Don't get me wrong, as emulation is cool and I think it is cool because it can imitate the games. But, some things are sacrificed due to the software emulation. You cannot get it 100% perfect in emulation ever, unless we really actually do advance in the emulation technology. Speed can suffer. For instance, my iMac has Virtual Jaguar. The speed is OK, but the music is choppy in every game I play. I have a Core i7 processor running at 2.8 GHz, a Radeon HD 4850 GPU with 512 MB of RAM, and 16 GB of RAM (which I could expand to 32 GB of RAM, if I wanted to, and actually I do). This iMac is also primitive in today's standards, being made in 2009. But, the Jag does it spot-on with real hardware at only a mere fraction of the iMac's CPU/GPU speed and with only 2 MB of RAM. And, that RAM amount is skimpy even for the Jag!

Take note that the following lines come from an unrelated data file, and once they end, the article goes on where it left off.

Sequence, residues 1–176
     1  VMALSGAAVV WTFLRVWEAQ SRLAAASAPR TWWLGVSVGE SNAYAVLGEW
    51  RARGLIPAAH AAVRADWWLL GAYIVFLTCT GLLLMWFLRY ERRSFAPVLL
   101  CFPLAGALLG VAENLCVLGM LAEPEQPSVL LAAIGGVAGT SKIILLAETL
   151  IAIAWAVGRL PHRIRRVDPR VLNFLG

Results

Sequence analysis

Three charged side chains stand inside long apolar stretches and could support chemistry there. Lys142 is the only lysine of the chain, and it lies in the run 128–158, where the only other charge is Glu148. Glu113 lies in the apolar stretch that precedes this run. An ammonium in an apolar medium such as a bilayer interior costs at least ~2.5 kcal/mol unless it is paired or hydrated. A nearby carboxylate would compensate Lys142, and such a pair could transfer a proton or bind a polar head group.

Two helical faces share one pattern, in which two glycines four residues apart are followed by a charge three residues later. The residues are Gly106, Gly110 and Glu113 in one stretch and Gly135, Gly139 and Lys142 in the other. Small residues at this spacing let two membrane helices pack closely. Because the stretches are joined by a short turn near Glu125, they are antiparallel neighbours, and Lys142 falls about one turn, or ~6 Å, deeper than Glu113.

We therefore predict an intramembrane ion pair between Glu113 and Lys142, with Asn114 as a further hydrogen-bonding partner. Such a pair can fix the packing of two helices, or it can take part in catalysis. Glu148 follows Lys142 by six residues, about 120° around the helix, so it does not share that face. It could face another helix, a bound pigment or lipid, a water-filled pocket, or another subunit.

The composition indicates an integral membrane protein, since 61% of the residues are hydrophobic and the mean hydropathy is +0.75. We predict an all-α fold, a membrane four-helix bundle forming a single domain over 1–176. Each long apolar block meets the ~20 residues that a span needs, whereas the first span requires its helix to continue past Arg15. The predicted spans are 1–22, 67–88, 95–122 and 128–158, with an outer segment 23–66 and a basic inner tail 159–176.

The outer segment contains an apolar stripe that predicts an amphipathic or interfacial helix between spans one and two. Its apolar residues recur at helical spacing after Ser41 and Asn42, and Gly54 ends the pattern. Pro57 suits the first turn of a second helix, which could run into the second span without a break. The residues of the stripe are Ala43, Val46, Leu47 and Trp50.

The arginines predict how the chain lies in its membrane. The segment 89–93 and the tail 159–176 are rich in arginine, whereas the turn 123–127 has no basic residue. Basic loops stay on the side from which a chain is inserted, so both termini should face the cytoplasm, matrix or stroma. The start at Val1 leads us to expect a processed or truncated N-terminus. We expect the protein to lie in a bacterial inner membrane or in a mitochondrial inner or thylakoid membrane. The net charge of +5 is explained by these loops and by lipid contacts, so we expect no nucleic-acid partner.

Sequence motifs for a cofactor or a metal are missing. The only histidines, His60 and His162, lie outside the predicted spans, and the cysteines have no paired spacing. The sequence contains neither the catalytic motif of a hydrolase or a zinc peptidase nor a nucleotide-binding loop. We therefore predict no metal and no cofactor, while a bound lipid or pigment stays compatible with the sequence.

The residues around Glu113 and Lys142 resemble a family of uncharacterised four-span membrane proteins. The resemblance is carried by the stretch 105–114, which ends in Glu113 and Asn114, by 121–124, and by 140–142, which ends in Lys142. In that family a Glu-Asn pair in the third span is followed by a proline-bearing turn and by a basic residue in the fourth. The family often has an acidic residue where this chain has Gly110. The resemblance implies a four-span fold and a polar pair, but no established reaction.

I believe that, if you are going to use emulation, use it in cohesion with the real hardware. Reverse-engineer the real hardware, try to make it better with the real technology, and use hardware emulation more sparingly with it, if you need to. Like I said, emulation is great. But, I think that, as a technologically advanced society, we are too dependent on emulation, and I think that we are really cheapening ourselves. Emulation is great, but the real experience with real hardware is so much better. I say re-work the real hardware and advance it even more from that. Then, I think that you will get even more stellar results. We can do so much better than now.

Edited by DegasElite

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On 6/1/2020 at 1:31 PM, StormSurge said:

Funcoland helped me pick up all the NES games that I wanted but never had.

FuncoLand. That is bringing back some memories. We had a whole bunch of them in Saint Paul and Minneapolis. It was a great experience. :O)